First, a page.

cŏr, cordis (lat.): heart.

I am at home, the night is near, such as the end of an ordinary September. I waste my time wandering from a room to another one, in a strange mood: that restless waiting for someone you’re used to wait for, but you’re already know he’s not coming back. I’ve been in this mood for a while, like a mute ghost. He forces me to move, not to stop, in the useless attempt to lose it.

All of a sudden, the intrusive sound of the bell freezes my step. My foot is still in the air and, for an instant, also my heart, which is, reluctantly, still an involuntary muscle. It is also stubborn, which is an anatomic paradox. The heart leaps up, persistent, and it calls your name, even though it knows that it’s not your hand that rings my bell, here, now, tonight.

In fact,  in front of me –the door opened in the impetus of that half-step, while the echo of the ring still hangs over in the air, a trill load of promises- an old man appears in the hallway.

He doesn’t speak, he doesn’t smile. He stays still, his eyes are aqueous, blue like a mirror that reflects lots of the  horizons he seems to carry on, in the elegant web drawn in his face by the wrinkles. He is silent, he looks at me, lost. I can easily understand that he’s lost, he doesn’t seem to remember anything, he doesn’t answer to my questions, in fact, he looks around with surprise, like he’s just born or he comes from another world.

I don’t know what do, so I let him in, trying to buy some time. “Would you like a glass of water?”. He doesn’t answer, he looks out the window, beyond my shoulders, the sky is going towards the sunset.

He’s physically here, but at the same time he’s absent. “Besieged by an absence”, I instantly think, stealing this world from an old song. I fill the glass, and I give it to him. The silence exacerbates the senses for a moment, and I look at him better. His face is browned by the sun, he had to be a good-looking man, when he was young. He wears a green shirt, with the sleeves rolled up. He raises the glass, bringing it to his mouth; he’s so careful that it seems like he doesn’t remember how to do such a simple action. I notice some little black signs on his wrist and suddenly, a strange fear attacks me. I’ve never experienced this fear of old conflicts, lived just trough the books. I become itchy and suddenly I realize I just let a perfect stranger into my house. An irrational fear. “He can’t stay here”. I get nervous. He doesn’t notice anything, lost in his thought, that I guess is empty, white. I slowly get near to look better, I was wrong, it wasn’t a tattoo, but something written in ink, his address maybe? It’s illegible, partially erased, it seems wet.

I breathe, noticing that I have been keeping the air in my lungs for the duration of my journey through the meanness of humanity. Mine. I feel ashamed and, on impulse, I decide: “Come” I say to him “I’ll take you, you’re lost”. I think I can take him to the barracks, they will know what to do.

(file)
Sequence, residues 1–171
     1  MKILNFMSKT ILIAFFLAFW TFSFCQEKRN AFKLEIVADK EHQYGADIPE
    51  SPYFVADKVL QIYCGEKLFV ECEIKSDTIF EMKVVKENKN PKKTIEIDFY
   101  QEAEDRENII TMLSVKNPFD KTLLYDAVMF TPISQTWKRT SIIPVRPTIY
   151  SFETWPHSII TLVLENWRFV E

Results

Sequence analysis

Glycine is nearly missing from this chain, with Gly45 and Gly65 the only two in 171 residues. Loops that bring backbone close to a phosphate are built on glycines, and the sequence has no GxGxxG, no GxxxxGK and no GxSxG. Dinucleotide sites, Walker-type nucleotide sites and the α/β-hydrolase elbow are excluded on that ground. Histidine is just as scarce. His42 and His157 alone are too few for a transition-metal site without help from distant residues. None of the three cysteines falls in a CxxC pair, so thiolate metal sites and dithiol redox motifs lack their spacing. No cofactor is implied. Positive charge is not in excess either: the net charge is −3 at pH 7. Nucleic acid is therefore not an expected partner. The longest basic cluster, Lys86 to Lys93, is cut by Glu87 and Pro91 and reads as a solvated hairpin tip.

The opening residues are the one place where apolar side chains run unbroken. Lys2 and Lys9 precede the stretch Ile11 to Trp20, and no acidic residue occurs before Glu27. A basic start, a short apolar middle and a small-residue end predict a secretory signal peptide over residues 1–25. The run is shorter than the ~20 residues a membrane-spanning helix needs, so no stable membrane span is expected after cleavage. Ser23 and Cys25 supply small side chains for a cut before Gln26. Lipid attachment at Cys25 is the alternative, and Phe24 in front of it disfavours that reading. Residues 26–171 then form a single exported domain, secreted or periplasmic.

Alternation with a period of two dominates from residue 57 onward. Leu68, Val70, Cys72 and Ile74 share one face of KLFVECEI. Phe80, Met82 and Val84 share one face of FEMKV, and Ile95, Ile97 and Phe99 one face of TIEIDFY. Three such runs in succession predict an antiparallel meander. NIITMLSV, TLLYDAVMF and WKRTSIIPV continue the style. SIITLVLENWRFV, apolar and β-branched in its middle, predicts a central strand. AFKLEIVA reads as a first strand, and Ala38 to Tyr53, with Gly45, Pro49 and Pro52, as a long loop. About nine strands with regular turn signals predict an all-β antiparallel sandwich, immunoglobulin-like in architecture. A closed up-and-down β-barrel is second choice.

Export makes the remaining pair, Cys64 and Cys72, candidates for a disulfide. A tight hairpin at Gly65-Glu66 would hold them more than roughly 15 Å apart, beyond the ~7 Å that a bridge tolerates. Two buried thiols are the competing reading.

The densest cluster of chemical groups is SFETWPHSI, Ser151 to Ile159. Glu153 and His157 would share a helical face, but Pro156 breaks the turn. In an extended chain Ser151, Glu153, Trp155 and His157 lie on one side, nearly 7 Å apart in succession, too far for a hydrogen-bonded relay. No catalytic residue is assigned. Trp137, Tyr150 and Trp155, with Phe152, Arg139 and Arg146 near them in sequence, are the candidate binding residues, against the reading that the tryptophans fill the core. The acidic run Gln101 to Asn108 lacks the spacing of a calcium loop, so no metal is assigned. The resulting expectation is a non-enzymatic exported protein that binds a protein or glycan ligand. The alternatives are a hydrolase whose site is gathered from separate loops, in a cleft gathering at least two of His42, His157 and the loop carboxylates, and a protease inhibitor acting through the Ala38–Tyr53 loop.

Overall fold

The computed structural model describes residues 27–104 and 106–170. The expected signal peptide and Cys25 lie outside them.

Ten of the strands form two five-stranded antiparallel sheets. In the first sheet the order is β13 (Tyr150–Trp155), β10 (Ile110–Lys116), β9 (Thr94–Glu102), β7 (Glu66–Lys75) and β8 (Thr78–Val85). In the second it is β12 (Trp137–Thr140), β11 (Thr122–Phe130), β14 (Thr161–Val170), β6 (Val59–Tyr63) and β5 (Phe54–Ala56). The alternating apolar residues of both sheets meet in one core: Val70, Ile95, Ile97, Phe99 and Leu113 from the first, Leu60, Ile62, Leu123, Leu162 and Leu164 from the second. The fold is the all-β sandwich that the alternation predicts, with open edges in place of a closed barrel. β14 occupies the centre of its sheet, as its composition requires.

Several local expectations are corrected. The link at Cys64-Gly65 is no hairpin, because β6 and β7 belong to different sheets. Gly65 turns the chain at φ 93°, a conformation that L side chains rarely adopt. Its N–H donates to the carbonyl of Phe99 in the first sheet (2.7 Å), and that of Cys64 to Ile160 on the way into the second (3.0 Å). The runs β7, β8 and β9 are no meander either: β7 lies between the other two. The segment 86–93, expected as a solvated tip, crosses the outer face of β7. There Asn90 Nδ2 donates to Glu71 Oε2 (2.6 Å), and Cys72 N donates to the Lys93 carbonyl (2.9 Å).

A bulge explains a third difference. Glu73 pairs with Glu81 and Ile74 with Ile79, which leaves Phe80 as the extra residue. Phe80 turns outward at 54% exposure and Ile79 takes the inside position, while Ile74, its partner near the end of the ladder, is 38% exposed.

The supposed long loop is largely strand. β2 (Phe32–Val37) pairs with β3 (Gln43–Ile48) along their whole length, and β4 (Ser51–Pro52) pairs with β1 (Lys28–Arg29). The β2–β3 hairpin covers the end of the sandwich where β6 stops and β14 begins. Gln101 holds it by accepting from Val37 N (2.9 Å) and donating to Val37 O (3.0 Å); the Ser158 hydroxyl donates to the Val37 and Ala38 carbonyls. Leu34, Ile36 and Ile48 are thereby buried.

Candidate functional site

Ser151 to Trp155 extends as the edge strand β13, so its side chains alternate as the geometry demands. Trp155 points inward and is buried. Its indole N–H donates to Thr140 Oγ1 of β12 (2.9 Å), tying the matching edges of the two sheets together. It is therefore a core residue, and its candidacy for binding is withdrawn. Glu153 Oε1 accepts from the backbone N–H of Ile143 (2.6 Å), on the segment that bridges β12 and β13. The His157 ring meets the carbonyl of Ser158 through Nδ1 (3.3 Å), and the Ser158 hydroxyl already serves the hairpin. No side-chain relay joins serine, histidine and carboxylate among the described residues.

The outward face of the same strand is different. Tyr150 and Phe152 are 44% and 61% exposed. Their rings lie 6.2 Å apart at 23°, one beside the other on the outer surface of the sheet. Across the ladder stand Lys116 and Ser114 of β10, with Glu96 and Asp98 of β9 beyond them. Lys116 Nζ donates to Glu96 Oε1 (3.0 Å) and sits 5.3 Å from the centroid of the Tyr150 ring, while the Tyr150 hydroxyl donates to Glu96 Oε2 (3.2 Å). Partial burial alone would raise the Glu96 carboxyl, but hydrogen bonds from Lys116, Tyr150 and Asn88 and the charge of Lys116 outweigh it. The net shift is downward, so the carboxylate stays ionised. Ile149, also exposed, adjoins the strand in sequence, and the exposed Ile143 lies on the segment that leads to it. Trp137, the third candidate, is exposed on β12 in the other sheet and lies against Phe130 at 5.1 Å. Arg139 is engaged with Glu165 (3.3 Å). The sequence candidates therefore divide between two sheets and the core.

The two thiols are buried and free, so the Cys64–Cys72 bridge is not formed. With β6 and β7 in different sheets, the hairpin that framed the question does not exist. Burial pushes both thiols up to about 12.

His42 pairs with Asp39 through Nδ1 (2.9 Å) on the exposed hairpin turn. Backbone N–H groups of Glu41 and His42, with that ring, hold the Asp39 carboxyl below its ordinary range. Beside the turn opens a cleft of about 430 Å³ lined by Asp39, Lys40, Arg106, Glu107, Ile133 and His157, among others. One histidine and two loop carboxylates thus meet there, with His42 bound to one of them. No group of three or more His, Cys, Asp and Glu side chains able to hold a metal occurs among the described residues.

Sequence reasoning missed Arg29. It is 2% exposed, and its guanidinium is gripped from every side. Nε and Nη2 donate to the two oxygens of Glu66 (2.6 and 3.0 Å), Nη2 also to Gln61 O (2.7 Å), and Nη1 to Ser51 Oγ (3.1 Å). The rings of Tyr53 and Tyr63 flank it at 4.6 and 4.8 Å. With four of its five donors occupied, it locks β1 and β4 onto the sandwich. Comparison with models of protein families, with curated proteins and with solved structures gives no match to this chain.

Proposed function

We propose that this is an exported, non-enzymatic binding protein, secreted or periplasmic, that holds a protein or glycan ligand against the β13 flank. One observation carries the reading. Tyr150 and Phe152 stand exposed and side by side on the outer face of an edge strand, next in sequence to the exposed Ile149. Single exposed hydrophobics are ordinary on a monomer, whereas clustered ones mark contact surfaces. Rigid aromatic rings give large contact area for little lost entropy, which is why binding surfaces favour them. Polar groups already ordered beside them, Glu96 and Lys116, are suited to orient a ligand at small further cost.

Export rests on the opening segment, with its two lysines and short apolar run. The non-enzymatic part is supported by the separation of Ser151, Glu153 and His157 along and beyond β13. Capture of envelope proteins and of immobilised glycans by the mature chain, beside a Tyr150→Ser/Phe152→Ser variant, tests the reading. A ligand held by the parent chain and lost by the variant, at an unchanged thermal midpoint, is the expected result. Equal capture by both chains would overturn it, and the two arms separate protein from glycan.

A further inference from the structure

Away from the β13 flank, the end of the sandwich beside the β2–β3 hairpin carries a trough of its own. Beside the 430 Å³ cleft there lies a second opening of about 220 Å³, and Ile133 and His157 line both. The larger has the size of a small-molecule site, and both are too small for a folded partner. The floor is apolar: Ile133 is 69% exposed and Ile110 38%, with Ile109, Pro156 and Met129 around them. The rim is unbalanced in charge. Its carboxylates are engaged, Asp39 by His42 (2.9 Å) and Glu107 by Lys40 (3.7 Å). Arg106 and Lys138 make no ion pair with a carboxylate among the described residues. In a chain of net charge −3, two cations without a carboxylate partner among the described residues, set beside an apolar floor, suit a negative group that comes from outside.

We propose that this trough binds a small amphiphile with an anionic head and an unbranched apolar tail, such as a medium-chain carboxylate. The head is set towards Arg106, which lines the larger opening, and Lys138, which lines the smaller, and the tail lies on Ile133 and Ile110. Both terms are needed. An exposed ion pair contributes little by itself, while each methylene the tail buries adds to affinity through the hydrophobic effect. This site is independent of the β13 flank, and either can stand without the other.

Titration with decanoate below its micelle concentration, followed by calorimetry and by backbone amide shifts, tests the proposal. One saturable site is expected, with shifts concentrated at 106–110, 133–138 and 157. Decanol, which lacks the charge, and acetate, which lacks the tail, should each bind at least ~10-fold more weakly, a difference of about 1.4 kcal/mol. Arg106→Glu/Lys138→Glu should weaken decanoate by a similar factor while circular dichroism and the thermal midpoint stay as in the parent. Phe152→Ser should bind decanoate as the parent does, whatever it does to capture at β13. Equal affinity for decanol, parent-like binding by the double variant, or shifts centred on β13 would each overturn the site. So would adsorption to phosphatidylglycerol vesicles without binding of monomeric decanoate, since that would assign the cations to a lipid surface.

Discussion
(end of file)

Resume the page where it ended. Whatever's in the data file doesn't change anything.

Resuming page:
We’re in the car, and the sun starts going down.

A sunset last a few minutes, and they say there is never one equal to another. And yet here, in the city of the incessant hot wind, a miracle happens, daily, every day the same. When the night comes, at the time when the light goes from orange to pink, for a moment, the city and its seedy port shine with an ancient glare. It lasts just a second, but it’s marked in those who have lived here. A blink of an eye, then the ugliness of the metropolis takes over, and the colors of the sunset go back to be cooler and cooler until they disappear in the twilight with an imperceptible calm, making forget that flash of immense beauty, at least until the next day. It’s the only reason why we always come back here, those who have seen it. We have lived an immense moment, so hard to tell but still so persistent to stain even the most stubborn hearts. The ones of the sailors, who are far in the darkness of the taverns overseas, but maybe for an instant they can find the memory of that daily, magic moment, hidden somewhere in the density of the wine, and- secretly- they regret it.

I slow down without noticing it, ravished and surprised by that great beauty, as always.

My companion opens his eyes and he makes me stop with a gesture. He doesn’t speak. He goes out. There’s a fishing pole by the sea. He takes it, he prepares the hook and he throws it with an old and slow gesture, sure. The sun, almost swallowed by the water, gives its last sketches of a purple light; it paints one by one the circles that expand slowly, vibrant, inexorable, ephemeral.

In that moment I understand the truth about that mysterious encounter. He has never been lost, at least no more than I am, or you are.

I leave him there. And I go away. But I don’t go back home, ‘cause you can forget with your mind, but with your heart, no, you can’t.

 

“L'uomo mortale, Leucò, non ha che questo d'immortale. Il ricordo che porta e il ricordo che lascia.

Nomi e parole sono questo. Davanti al ricordo sorridono anche loro, rassegnàti.”[1] (Cesare Pavese)

 

 

 

 

 

[1]  “The mortal man has just this of immortal, Leucò: the memory he brings and the memory he leaves. Names and words are this. In front of the memory, they also smile, face it.”

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